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Transcript of Motivation and Emotion - · PDF file Motivation and Emotion. Approaches to Understanding...

  • Motivation and Emotion

  • Approaches to Understanding Motivation

    • Motivation is the process by which activities are started, directed and continued so that physical or psychological needs or wants are met.

    • The word comes from the Latin word “movere” which means “to move”

    • Eg: Hunger

  • Types of Motivation

    • Extrinsic Motivation - Here a person performs an action because it leads

    to an outcome that is separate from the person. Eg: prize on coming first in class. • Intrinsic Motivation - Here a person performs an action because the act

    itself is fun, rewarding, satisfying and challenging in some internal manner.

    Eg: reading a book because you enjoy reading. • Ones outcomes and level of efforts can vary

    depending the type of motivation.

  • Early approaches to understanding motivation

    1) Instincts and the evolutionary approach - Instincts are biologically determined and innate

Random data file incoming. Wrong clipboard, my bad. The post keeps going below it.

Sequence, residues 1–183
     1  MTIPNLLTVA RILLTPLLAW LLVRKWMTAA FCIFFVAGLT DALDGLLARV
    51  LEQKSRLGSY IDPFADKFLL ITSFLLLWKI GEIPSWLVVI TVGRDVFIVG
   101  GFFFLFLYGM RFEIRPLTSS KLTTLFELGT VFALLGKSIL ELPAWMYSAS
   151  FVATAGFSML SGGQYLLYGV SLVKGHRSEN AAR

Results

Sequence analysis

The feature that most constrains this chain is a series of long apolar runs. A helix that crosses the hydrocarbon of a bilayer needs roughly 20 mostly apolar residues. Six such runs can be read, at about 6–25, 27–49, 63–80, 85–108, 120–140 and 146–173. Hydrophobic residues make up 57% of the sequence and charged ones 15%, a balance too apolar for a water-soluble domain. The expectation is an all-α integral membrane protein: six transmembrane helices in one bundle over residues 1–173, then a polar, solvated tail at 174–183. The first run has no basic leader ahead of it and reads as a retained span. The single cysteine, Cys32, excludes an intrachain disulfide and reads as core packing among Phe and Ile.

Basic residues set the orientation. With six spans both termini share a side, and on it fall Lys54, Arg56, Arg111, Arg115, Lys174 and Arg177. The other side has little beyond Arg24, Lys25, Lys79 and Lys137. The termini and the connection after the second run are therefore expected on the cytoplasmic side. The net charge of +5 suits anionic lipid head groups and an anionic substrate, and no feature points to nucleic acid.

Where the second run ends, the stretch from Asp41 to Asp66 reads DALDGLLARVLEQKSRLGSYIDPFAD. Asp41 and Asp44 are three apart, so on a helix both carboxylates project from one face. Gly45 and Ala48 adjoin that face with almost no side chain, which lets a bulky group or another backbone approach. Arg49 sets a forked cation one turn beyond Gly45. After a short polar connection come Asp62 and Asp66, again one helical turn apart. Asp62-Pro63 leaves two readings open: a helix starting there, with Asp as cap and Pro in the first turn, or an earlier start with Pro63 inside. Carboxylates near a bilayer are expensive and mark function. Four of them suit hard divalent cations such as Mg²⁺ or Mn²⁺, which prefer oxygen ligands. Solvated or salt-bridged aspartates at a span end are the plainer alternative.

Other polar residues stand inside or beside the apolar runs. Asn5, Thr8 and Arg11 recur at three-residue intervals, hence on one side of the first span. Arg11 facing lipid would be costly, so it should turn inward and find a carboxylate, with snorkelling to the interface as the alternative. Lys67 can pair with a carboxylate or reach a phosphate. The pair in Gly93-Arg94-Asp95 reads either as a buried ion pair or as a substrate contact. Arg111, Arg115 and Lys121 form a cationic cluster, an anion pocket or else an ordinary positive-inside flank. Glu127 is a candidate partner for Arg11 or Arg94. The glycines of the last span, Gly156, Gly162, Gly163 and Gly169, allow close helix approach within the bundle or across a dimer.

patterns of behavior that exists in both people and animals.

    Eg: Reproduction, territorial protection. - Although there were many instincts but there was

    no attempt to explain why these instincts exist in humans.

    - This approach forced the psychologists to realise that some human behavior is controlled by hereditary factors.

  • 2) Drive reduction theory - Here the focus in on needs and drives. - A need is a requirement of some material that is

    essential for survival of the organism. - Need leads to a psychological tension as well as a

    physical arousal that motivates an organism to act in order to fulfill the need and reduce the tension.

    - This tension is called drive. - Drive reduction theory proposes this connection